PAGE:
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No concrete plans from APEC summit

President Obama met with Russian President Dmitry Medvedev at the APEC summit in Japan. President Obama met with Russian President Dmitry Medvedev at the APEC summit in Japan. (Ria Novosti via Associated Press)
International Herald Tribune / November 15, 2010

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YOKOHAMA, Japan — President Obama and Pacific Rim leaders wrapped up a two-day meeting yesterday with pledges to rectify global economic imbalances and move toward creating a regional free trade zone, but there were few concrete gains.

For Obama, it was also the end of a 10-day diplomatic and economic journey through Asia that failed to complete a free trade pact with South Korea.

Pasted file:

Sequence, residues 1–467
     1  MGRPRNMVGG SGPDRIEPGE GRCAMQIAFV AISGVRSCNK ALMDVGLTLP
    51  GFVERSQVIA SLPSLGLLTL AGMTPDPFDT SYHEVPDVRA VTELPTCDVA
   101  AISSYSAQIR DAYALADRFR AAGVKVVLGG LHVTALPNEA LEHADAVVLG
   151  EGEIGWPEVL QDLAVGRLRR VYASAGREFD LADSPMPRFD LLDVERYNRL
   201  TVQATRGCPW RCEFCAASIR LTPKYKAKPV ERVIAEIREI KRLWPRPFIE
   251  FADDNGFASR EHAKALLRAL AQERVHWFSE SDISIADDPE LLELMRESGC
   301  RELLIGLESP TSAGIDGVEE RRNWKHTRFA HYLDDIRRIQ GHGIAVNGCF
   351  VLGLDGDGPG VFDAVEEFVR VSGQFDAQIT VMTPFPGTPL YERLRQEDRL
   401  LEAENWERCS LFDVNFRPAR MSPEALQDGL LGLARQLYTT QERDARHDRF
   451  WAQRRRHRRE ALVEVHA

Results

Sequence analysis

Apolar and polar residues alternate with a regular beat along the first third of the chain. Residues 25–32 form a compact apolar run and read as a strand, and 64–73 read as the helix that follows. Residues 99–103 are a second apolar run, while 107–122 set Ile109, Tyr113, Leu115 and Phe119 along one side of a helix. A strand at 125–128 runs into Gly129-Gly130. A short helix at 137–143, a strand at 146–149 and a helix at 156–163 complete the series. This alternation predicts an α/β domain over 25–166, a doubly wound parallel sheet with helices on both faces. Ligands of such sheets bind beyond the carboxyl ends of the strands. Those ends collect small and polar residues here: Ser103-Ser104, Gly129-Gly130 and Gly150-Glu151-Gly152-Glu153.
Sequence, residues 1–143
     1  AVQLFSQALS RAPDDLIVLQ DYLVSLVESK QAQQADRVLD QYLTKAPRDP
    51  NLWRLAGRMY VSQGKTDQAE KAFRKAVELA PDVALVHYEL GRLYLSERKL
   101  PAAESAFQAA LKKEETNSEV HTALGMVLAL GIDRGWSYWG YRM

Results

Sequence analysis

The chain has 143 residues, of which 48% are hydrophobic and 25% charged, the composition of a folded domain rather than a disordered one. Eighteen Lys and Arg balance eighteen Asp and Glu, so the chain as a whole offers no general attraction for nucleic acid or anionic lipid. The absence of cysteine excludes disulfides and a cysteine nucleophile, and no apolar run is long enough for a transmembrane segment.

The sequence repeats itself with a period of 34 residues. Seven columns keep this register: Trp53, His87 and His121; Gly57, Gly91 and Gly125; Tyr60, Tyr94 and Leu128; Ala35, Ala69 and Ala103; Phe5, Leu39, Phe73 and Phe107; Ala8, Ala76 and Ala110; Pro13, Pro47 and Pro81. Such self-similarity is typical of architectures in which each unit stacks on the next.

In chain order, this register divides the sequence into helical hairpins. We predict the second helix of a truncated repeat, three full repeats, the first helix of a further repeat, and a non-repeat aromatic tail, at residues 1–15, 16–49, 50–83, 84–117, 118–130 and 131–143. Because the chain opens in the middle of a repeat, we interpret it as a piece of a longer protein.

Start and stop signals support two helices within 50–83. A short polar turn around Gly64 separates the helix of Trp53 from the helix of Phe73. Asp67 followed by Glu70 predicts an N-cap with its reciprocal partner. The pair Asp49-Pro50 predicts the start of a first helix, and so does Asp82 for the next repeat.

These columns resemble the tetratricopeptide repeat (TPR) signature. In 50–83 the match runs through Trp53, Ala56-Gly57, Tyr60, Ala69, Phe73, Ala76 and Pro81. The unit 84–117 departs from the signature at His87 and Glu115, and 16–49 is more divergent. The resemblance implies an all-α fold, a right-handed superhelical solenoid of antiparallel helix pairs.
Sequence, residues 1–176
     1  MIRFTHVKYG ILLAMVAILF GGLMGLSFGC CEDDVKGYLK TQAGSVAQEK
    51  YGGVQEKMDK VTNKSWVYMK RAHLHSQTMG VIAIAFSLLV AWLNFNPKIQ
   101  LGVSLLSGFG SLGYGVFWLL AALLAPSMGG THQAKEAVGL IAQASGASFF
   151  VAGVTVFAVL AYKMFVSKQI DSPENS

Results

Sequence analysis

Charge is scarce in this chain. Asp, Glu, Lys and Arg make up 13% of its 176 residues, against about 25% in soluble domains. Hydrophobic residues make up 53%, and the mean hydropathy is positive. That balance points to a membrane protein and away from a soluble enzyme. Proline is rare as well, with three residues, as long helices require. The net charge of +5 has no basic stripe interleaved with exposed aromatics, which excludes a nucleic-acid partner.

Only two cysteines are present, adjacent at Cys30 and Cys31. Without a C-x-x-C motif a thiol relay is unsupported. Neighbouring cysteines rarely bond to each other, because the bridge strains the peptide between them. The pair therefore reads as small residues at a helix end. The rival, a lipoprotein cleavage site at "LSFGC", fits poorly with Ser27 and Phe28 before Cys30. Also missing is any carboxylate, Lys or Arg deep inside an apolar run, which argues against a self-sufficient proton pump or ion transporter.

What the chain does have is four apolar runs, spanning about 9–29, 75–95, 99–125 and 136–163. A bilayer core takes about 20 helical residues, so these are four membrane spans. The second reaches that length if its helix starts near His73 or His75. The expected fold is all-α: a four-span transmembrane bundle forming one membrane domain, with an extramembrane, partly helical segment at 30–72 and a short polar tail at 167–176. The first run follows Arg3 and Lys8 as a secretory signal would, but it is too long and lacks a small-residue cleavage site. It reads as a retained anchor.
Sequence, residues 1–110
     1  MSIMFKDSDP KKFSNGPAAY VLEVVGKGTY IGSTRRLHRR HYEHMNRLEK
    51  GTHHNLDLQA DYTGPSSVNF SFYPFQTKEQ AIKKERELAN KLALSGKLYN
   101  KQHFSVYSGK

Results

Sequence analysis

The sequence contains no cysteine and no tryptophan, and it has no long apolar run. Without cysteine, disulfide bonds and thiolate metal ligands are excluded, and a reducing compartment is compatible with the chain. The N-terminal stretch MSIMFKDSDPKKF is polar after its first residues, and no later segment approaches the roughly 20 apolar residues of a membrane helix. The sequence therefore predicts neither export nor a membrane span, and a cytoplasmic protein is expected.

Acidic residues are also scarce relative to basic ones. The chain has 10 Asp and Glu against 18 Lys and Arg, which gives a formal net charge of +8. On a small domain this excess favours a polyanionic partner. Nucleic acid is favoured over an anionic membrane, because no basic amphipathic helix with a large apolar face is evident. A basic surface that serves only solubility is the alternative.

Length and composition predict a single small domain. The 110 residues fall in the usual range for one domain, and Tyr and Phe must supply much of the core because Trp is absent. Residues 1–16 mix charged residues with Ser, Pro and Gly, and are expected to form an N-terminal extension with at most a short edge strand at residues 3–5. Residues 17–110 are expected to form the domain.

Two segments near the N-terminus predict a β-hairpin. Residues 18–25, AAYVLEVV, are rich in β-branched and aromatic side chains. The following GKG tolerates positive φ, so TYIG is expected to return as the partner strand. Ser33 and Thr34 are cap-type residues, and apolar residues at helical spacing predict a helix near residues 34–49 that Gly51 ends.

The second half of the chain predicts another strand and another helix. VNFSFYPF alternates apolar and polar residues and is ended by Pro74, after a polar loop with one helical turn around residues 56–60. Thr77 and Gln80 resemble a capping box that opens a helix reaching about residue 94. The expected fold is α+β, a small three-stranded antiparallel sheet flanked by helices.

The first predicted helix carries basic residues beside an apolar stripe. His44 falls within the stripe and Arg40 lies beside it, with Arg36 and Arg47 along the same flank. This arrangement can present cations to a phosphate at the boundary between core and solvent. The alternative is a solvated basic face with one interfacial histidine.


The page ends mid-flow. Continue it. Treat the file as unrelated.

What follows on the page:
In Yokohama, Obama and leaders of 20 other nations and territories in the Asia-Pacific Economic Cooperation forum agreed to seek a free trade zone but set no timetable. They cited the Trans-Pacific Partnership, a free-trade agreement that currently includes Brunei, Chile, New Zealand, and Singapore, as a possible starting point. The leaders, whose nations account for more than half of global economic activity, also agreed to remove protectionist measures and to avoid sudden, sharp moves in foreign exchange markets.

While APEC leaders mentioned the need to correct imbalances in trade and other areas, they avoided the rancor of the Group of 20 meeting in Seoul last week. They shied away from singling out China for its policy of holding down its currency, or the United States for its recent monetary easing, which some nations criticized for driving down the dollar.

Obama, who has made evening out trade imbalances and doubling US exports a centerpiece of his economic agenda, is hoping the meeting in Yokohama will lay the groundwork for next year, when the forum meets in Hawaii.